In today’s global economy, we have a variety of options for dealing with our monetary needs when traveling abroad. The following are a few tips to help make things easier and possibly more cost-effective for you while on tour.
If you have a reservation with us, be sure to review the General Information document on your My Odyssey portal for more detailed information regarding currency at your tour destination(s).
You will always get a better cash exchange rate at your destination than in the U.S., though you may wish to bring a small amount of foreign currency so you’ll have ready cash upon arrival. In the U.S., you can generally obtain foreign currency through large commercial banks, AAA (if you are a member), and American Express®, among other enterprises.
Most foreign airports offer some type of foreign currency exchange service, though you will typically get a lower rate and/or pay a higher commission than obtaining money in town or from an ATM. Wherever you convert cash, try not to change more money than you think you’ll need as you may have difficulty or simply lack the time to reconvert foreign currency into U.S. dollars upon departure. And please, for your own safety, only exchange currency at authorized locations. Ask your tour director if you are unsure.
The easiest way to obtain foreign currency in most countries is to use ATMs once you arrive at your destination. Since there are no commission fees and rates are based on lower interbank rates, ATMs usually offer the best exchange rates, and you can withdraw money as needed. In order to use foreign ATMs, you must find out to which network your bankcard is connected (i.e., Cirrus, PLUS, etc.), then check to see if that network is available where you’ll be traveling. You will need a four- to six-digit numeric PIN, and the ATM works the same as it does at home. Remember, though, that while you will pay no commission and benefit from the best exchange rate available, some foreign banks may charge for the privilege of using their ATM – and your bank may charge for using a foreign ATM. However, many banks have formed foreign alliances that allow you to use their ATM cards and check cards free of charge. We advise checking with your bank to see if this applies to any of your accounts.
And just as you would at home, take care to use only well-lit ATMs in relatively public areas, and to put all of your money away before stepping out on the street.
Also remember that ATMs are more common in Europe than in other parts of the world, and at that, you still may not be able to find one when you need one. And some businesses – particularly local markets and street vendors – do not accept credit cards. So we strongly recommend that you rely on some combination of cash, ATM card, and credit card(s) for your foreign currency needs. Note that for those Odysseys Unlimited tours where your tour director may offer an optional tour, cash is generally required.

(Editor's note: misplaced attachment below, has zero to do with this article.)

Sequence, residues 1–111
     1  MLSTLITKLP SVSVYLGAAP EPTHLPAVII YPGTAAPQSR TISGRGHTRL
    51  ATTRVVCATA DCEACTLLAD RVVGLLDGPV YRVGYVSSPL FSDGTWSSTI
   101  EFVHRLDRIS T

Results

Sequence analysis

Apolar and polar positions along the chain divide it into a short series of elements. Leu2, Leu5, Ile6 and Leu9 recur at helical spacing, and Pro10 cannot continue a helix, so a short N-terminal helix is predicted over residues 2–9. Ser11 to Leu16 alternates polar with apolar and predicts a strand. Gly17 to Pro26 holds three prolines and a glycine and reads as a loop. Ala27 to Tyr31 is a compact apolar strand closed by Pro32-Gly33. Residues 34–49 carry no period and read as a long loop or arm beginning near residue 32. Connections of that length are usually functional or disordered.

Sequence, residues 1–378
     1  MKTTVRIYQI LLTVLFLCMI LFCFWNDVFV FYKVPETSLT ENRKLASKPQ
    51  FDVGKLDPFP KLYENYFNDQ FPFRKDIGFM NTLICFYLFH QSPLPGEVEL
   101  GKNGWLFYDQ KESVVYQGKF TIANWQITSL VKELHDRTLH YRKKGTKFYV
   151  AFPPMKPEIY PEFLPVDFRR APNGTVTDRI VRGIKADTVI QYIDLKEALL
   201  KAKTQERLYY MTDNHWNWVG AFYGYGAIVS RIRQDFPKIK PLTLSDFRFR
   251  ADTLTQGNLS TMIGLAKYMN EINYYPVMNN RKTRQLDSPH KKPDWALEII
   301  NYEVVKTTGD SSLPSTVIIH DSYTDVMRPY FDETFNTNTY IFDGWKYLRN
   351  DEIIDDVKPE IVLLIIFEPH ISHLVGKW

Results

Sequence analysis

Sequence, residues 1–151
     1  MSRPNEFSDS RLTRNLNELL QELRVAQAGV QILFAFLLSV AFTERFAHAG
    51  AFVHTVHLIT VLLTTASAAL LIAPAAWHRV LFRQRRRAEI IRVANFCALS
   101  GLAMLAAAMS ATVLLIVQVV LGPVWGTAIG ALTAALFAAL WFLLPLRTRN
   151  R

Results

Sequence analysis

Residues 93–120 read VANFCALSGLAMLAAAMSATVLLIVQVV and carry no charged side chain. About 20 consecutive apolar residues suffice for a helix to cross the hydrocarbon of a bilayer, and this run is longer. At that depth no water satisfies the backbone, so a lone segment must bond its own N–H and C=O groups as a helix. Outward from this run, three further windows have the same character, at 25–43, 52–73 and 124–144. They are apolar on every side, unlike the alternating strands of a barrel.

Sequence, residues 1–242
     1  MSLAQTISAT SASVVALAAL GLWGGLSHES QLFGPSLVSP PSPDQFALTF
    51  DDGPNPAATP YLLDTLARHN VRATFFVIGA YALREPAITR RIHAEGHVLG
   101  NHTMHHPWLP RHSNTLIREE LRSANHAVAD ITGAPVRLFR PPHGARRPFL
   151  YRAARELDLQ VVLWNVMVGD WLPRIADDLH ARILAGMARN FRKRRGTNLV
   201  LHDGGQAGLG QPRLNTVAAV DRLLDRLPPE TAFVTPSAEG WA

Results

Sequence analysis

Visa® and MasterCard® are the most widely accepted credit cards worldwide today. Still, it’s a good idea to check for information regarding your specific destination, as some places do not accept American Express® or Discover®; sometimes Visa is more widely accepted than MasterCard; and the like. We provide this information in the detailed General Information document available in your My Odyssey portal, but you can always double-check with your credit card company.
Note that many credit card companies charge a foreign transaction fee of between 2–3% percent of each transaction you make abroad. However, as more companies have started to offer credit cards that do not charge this fee, you may wish to obtain one before you depart.
Also, in the event an overseas merchant asks if you would like your transaction converted to U.S. dollars from the local currency (called “dynamic currency conversion”), say no: the merchant can convert your purchase at a much higher rate than the credit card company may charge them – then pocket the difference.
Finally, as you may be aware, U.S. credit card companies now use the “EMV” (Europay, MasterCard, Visa) smart card system that is increasingly the norm worldwide. With EMV, the card is embedded with a computer chip to protect against fraud. Please note that most U.S.-issued EMV cards will require the cardholder to sign for their purchase (rather than use a four-digit PIN), which means these cards may not work at unmanned payment terminals, such as for train tickets, toll booths, parking garages, gas pumps, and the like. For most other transactions, however, your EMV card will be accepted.